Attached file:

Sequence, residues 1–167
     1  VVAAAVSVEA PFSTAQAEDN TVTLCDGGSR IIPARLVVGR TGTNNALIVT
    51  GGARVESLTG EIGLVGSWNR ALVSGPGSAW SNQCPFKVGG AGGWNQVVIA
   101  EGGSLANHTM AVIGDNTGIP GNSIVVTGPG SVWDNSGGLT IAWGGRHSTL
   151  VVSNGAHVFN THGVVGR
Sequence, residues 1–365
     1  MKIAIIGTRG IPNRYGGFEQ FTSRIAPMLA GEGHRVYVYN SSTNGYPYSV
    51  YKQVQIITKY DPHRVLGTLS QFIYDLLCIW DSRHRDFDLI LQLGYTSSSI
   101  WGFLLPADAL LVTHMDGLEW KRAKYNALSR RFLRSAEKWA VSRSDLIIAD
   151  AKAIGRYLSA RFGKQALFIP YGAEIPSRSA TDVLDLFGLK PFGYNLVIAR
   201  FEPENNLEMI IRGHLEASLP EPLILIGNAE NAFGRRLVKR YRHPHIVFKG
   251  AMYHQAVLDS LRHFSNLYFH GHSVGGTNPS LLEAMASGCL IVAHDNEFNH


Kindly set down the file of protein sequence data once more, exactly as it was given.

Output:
Sequence, residues 1–167
     1  VVAAAVSVEA PFSTAQAEDN TVTLCDGGSR IIPARLVVGR TGTNNALIVT
    51  GGARVESLTG EIGLVGSWNR ALVSGPGSAW SNQCPFKVGG AGGWNQVVIA
   101  EGGSLANHTM AVIGDNTGIP GNSIVVTGPG SVWDNSGGLT IAWGGRHSTL
   151  VVSNGAHVFN THGVVGR
Sequence, residues 1–365
     1  MKIAIIGTRG IPNRYGGFEQ FTSRIAPMLA GEGHRVYVYN SSTNGYPYSV
    51  YKQVQIITKY DPHRVLGTLS QFIYDLLCIW DSRHRDFDLI LQLGYTSSSI
   101  WGFLLPADAL LVTHMDGLEW KRAKYNALSR RFLRSAEKWA VSRSDLIIAD
   151  AKAIGRYLSA RFGKQALFIP YGAEIPSRSA TDVLDLFGLK PFGYNLVIAR
   201  FEPENNLEMI IRGHLEASLP EPLILIGNAE NAFGRRLVKR YRHPHIVFKG
   251  AMYHQAVLDS LRHFSNLYFH GHSVGGTNPS LLEAMASGCL IVAHDNEFNH